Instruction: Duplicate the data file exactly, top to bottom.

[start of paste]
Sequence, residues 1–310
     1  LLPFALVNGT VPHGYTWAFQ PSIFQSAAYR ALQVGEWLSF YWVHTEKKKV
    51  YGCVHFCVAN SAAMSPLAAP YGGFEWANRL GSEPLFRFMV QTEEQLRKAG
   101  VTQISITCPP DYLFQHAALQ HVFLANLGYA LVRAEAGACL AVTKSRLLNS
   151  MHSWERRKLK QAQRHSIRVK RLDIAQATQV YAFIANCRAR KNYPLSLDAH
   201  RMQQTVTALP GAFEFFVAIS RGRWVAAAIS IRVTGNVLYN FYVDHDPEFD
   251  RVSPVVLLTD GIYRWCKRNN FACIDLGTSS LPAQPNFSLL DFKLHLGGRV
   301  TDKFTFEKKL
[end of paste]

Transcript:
Sequence, residues 1–310
     1  LLPFALVNGT VPHGYTWAFQ PSIFQSAAYR ALQVGEWLSF YWVHTEKKKV
    51  YGCVHFCVAN SAAMSPLAAP YGGFEWANRL GSEPLFRFMV QTEEQLRKAG
   101  VTQISITCPP DYLFQHAALQ HVFLANLGYA LVRAEAGACL AVTKSRLLNS
   151  MHSWERRKLK QAQRHSIRVK RLDIAQATQV YAFIANCRAR KNYPLSLDAH
   201  RMQQTVTALP GAFEFFVAIS RGRWVAAAIS IRVTGNVLYN FYVDHDPEFD
   251  RVSPVVLLTD GIYRWCKRNN FACIDLGTSS LPAQPNFSLL DFKLHLGGRV
   301  TDKFTFEKKL